By 2022 we will be able to collect more data sets than ever. It’s technically possible that the entirety of a purchase journey could be tracked from view to action to transaction across multiple channels, devices and networks, even if the purchase was weeks, months or even years after the first view.

The problem is that these data sets are in different silos. Data sets could be merged, but will the various companies that own these data permit it? Unless we change the conversation, there will be few collective data sets, which will impinge on the effectiveness of audience measurement and businesses that depends on it.

Regulation may also thwart data sharing. Our Mobile Consumer Survey indicated a lack of understanding by consumers about the data they are sharing with services. Three quarters of UK adults claimed that they know their data are being used by companies and they are aware of the risks. However, half said they never share their email address online, yet they are on social networks. Two thirds said they don’t share their phone numbers but they are on WhatsApp.

The advent of GDPR this year will also have a big impact on how we collect data. It will necessitate a different approach: greater consent, awareness and collaboration around the data sets you are collecting and this will have an impact on audience measurement and the data sets we can expect to see in 2022.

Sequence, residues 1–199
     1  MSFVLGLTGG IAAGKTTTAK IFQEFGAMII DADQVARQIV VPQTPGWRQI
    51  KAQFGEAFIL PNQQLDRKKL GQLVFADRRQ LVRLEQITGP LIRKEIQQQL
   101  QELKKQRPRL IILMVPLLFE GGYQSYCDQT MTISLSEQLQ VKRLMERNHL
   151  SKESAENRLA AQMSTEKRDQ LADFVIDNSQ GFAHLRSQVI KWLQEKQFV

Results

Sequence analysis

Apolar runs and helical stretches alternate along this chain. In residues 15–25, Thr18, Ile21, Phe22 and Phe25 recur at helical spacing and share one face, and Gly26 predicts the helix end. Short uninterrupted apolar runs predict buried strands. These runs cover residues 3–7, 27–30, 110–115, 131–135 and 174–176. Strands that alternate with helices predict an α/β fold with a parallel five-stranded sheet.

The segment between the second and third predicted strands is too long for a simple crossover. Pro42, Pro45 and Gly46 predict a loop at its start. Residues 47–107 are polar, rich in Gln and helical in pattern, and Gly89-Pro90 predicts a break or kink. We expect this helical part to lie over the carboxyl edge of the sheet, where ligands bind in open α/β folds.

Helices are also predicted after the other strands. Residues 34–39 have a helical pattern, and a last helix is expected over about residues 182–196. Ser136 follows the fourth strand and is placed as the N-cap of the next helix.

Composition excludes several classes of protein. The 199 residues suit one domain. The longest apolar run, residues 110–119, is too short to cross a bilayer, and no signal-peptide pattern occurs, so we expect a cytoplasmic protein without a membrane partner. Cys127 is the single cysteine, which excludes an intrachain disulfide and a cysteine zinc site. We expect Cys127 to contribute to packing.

Imperatives for measurement in 2022

In conclusion, what are the imperatives for measurement in 2022 for the industry as a whole? It is important to recognise the significance of measurement today and in the medium term, and to understand what advertisers expect and the digital platforms currently deliver. We must then evaluate the consequences if television measurement fails to match what digital platforms offer.

Data sets are proliferating, but not all data are equally important, and not all sets will be available to access or link together. This lack of collective agreement will mean people will have to identify which data sets and combinations are really important for the success of their businesses, and then have collaborative conversations with their owners.

Finally, we must establish the available technologies for delivering measurement and execute it. These imperatives will hopefully stimulate us to have more collective conversations and get much further in audience measurement.



Ed Shedd, Managing Partner, North West Europe TMT Practice at Deloitte UK